Sugar Konafa كنافة السكر

Have you ever shared a recipe with your mom? How did that go? My mom taught me everything I know when it comes to Yemeni cooking .She cooks with her instinct. She knows the ingredients and mixtures by heart, so everything she cooked was with no measuring! This was perfectly fine for her with Yemeni cooking because she knows it so well.

I asked her to give me the Sugar Konafa recipe but it was a complete puzzle for me as I try as much as I can to go with measurements to get the same result every time.I had to repeat it over and over until (I think , I got a good grasp on how to do it).

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Sugar Konafa is different than the Middle Eastern Konafa that is well known in Lebanon and Egypt and most of Arab countries. It is not stuffed with cheese or cream or nuts or any of that sort. It is simply Konafa layers, Sugar, and butter (or Yemeni smoked ghee), and served warm and right away. Since it’s served with Yemeni Stone dish it helps to maintain it warm for longer time. It totally reminds me with the simple French sugar crepes, where it cannot be eaten cold, or its taste is ruined. Sugar Konafa is the same thing.

This dish comes from  Ibb Region and known in some parts of Taiz and its surrounding, some likes it with Yemeni honey, but where I grew up, we love it just with sugar powder because it is lighter.

The flaky Konafa layers melts with sugar and butter or /ghee in your mouth, always reminds me with great memories around the table and savoring its taste. The mixture of the Konafa is so easy, but its technique is tricky. It’s exactly same ingredients of French crêpes, but needs to be lighter. When I tell people about it, surprisingly, many don’t know anything about it.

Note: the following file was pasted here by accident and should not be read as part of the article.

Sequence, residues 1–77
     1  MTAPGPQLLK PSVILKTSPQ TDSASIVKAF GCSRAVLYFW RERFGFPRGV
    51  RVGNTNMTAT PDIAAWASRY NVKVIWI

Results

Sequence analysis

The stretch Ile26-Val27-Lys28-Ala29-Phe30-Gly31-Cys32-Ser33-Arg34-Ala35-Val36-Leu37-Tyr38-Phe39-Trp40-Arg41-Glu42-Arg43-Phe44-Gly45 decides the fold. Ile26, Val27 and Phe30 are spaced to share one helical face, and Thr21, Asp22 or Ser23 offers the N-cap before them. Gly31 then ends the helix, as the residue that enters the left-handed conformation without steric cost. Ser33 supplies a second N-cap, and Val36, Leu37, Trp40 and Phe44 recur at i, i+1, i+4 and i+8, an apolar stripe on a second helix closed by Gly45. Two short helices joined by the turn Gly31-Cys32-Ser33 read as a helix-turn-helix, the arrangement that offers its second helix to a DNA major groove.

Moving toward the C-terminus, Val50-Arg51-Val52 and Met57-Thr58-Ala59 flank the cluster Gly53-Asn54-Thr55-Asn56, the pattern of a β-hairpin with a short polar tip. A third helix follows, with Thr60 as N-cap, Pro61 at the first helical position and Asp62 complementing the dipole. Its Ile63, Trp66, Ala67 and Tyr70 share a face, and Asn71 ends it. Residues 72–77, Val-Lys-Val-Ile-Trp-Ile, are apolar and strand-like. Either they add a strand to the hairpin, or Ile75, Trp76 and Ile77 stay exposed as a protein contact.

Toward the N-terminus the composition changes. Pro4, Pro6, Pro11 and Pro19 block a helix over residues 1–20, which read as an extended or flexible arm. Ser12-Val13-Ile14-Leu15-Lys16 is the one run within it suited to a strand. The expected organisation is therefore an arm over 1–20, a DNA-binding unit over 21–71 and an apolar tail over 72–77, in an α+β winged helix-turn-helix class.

What you need for Konafa is the Konafa cup which come with three small opened tubes at the end of the cup. If you don’t have the cup, that’s alright, you can empty a condensed milk can and make three holes at the center of one of its ends, and completely remove the lid of the other end, it will work just fine. Later you fill the cup with Konafa mixture and in circular motion you start making Konafa on your non-stick pan.

This circular motion is 90% of the creativity of this dish. If you can tackle it then you easily mastered Konafa. It took me a while to get it right, but hey, taste is totally worth trying to make it.

 

 

Konafa Ingredients

ingredients

1 cup of Whole milk (room temperature)

1 egg (room temperature)

10 eating spoons of white flour

Pinch of salt (as desired)

Flavoring

Sugar powder or Honey (as desired)

Butter, ghee or smoked Yemeni ghee. (As desired)

-Mix Konafa ingredients in your blender all together for 2- 3 minutes, until the mixture is smooth and consistent

-Some Konafa cups or (your home made Konafa cup) in that sense might not get through the mixture as easily. There are many factors that could lead to that, either your cup size or the size of the tubes is not big enough. You need to test it before you start doing Konafa.